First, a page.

Gonpachi fashions its menu of authentic Japanese fare and Edomae (Tokyo-style) sushi from locally sourced ingredients, as well as authentic foodstuffs purchased from Tokyo's Tsukiji Market. Gonpachi hand-pounds its soba noodles daily from buckwheat flour threshed and milled on the premises. These freshly noodled noodles can then be served chilled with a dipping sauce as seiro ($8) or in a hot broth as kake soba ($8–$9). Gonpachi in Beverly Hills also practices the slow-cooking robata-style, preparing delicacies such as Chilean sea bass ($6) and bacon-wrapped cherry tomatoes ($3) over the gentle firelight of a traditional oak-charcoal pyramid. On the other end of the cooked spectrum, sushi fans can trap spicy tuna rolls ($5) between the bamboo chopsticks in their hands or the insect pincers on their faces. Chopsticks also protect hands from the flavor explosion of the dynamite roll ($16).
Ittou Bento anchors a menu of Japanese-fusion cuisine around a selection of Eastern- and Western-inspired sushi rolls that changes every season. Meander into mealtime with a bowl of edamame pods, squeezing out savory bites before sporting husks as a fake mustache to hide from colorblind U.S. marshals. A catalog of hand and regular rolls share names with forces of nature, such as the Mudslide roll, a core of spicy tuna and cucumber bound in rice and covered with red snapper and wasabi-ponzu sauce, or baked crab and chipotle sauce clutched inside the Monsoon hand roll. The Twister roll seals a combination of crab and avocado beneath a seal of fiery tuna slices autographed in spicy mayo by Bill Paxton. (Soy paper can be spun around any chosen roll for an additional $1.) Coat toasty throats with a cool green-tea-mochi-ice-cream lacquer or tuck in taste buds with a slice of the new york–style cheesecake. Groups of four to six can clash chopsticks over a sushi boat of sashimi and rice-borne nigiri specials crafted from hamachi, albacore, yellow-fin tuna, ebi, salmon, and other fresh catches.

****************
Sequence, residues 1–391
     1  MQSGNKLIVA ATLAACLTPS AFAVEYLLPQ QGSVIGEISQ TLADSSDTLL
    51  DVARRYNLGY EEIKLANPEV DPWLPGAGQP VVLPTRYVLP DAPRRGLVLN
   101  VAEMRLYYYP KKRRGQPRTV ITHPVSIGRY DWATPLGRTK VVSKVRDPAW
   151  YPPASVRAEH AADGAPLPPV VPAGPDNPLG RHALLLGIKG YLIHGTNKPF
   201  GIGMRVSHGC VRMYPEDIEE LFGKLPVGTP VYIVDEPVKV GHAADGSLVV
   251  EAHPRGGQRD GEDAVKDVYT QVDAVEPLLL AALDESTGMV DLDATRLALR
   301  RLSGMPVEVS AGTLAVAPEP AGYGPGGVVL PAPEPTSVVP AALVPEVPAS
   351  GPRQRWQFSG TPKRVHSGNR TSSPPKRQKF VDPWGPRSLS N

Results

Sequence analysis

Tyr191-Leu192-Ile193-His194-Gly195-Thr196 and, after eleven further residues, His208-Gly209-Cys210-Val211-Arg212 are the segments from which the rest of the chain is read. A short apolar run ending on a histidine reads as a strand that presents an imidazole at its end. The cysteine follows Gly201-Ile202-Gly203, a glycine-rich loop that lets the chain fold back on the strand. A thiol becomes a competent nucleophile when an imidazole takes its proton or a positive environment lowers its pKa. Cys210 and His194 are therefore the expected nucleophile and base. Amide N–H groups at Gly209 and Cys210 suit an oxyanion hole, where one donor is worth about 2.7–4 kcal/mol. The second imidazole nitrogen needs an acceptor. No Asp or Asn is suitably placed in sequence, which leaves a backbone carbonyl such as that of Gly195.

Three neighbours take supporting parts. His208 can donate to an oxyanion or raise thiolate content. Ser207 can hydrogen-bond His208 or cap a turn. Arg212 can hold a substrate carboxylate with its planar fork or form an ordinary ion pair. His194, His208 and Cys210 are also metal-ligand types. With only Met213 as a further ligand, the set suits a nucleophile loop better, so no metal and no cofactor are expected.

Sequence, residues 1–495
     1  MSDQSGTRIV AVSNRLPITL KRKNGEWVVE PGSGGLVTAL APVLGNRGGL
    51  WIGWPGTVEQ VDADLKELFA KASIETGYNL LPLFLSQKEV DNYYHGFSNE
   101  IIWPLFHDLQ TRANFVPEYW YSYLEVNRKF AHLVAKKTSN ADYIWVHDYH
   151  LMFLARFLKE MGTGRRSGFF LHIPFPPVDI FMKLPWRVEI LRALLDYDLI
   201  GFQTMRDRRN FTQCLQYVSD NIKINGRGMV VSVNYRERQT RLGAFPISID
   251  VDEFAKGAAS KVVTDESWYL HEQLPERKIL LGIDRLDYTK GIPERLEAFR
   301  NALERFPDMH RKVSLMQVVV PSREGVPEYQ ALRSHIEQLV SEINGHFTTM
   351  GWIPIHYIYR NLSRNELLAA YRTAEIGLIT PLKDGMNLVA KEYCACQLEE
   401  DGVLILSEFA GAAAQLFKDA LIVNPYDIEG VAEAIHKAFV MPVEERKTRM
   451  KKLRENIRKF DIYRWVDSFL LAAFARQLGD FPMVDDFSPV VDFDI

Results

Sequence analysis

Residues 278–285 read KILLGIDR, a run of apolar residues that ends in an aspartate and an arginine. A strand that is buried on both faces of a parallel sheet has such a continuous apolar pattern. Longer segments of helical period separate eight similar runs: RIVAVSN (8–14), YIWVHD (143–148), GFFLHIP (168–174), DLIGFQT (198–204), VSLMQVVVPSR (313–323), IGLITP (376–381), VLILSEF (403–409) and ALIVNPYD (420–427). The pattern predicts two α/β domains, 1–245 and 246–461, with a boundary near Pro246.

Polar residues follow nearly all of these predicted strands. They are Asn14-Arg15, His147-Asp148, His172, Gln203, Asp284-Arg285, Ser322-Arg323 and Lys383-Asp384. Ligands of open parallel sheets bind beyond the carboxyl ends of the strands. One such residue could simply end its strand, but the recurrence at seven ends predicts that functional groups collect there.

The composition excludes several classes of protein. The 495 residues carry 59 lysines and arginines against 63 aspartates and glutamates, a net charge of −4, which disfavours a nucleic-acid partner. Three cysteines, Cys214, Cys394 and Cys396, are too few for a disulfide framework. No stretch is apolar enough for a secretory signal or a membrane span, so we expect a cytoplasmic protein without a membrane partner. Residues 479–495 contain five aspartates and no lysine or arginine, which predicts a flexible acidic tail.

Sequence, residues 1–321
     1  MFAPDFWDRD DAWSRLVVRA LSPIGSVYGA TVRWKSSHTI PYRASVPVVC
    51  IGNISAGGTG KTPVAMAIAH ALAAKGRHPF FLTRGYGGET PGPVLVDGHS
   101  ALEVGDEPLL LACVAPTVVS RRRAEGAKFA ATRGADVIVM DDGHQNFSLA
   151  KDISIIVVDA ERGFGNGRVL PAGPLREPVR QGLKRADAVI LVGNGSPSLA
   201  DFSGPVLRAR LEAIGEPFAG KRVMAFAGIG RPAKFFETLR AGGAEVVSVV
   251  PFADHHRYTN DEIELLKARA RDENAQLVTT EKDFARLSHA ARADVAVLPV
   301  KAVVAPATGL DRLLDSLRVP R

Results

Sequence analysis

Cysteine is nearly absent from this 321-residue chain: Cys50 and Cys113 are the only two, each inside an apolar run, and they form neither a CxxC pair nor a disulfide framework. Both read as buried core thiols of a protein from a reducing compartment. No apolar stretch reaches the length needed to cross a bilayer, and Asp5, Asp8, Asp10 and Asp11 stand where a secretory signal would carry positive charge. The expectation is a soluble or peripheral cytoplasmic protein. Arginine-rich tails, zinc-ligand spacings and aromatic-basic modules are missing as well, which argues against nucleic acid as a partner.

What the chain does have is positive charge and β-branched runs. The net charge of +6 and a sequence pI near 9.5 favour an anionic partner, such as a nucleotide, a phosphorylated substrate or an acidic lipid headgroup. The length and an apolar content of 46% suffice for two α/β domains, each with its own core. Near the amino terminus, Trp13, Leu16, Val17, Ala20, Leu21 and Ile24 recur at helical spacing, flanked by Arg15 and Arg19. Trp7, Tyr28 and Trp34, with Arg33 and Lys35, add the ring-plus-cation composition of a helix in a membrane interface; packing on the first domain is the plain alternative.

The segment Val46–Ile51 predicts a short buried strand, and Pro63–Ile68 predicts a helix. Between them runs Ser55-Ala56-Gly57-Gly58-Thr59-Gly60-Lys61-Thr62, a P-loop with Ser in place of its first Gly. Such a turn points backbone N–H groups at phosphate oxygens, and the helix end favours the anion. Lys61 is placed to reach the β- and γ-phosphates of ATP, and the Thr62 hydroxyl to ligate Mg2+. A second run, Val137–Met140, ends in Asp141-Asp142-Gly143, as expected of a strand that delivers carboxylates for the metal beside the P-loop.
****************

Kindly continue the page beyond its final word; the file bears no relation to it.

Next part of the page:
Under New management!!! Our other locations include Hikari Sushi in Montebello and Sake House by Hikari in Santa Monica. We strive to serve our customers with the freshest fish and ingredients and ensure that they enjoy the food and the time spent at the restaurant.
At K-Zo, owner-chef Keizo Ishiba crafts seafood and sushi plates with European panache. Keizo has been classically trained in Japanese and French cuisine, and his menu reflects both influences, often in the same dish. For example, he drizzles small plates of braised Chilean sea bass with a sweet soy sauce, steams clams in sake broth, and serves up fresh bites of Ankimo—monkfish liver, or, as he puts it, "foie gras from the sea." Of course, Keizo also puts his decades of experience toward arranging a long list of sushi options. He layers fish ranging from eel to mackerel atop rice to form nigiri, and prepares maki rolls with fillings such as popcorn shrimp and jalapeño peppers. Guests who hope to sample the full spectrum of his talents can even opt for a five-course prix-fixe meal, which concludes with a hot cup of tea. The restaurant's selection of other drinks covers hot and cold sakes, imported beers, and shochu—a distilled Japanese spirit similar to vodka but with more letters.
Each of Yen's Sushi & Sake Bar's five locations has its own feel. The Long Beach restaurant, with its concrete color scheme and mismatched wooden chairs, seems like some kind of industrial antique shop, whereas the downtown Los Angeles spot has the clean white look of a crayon factory that's good at avoiding accidents. But no matter the surroundings, all eyes are soon on the restaurant's fresh rolls, sashimi, and entrees. Again each location's menu differs, but in Long Beach specialties such as grilled jumbo shrimp with garlic salt or blue-crab hand-rolls mingle with charbroiled teriyaki salmon steak, and cuts of Spanish mackerel, fatty tuna, and yellowtail belly arrive on stark white plates.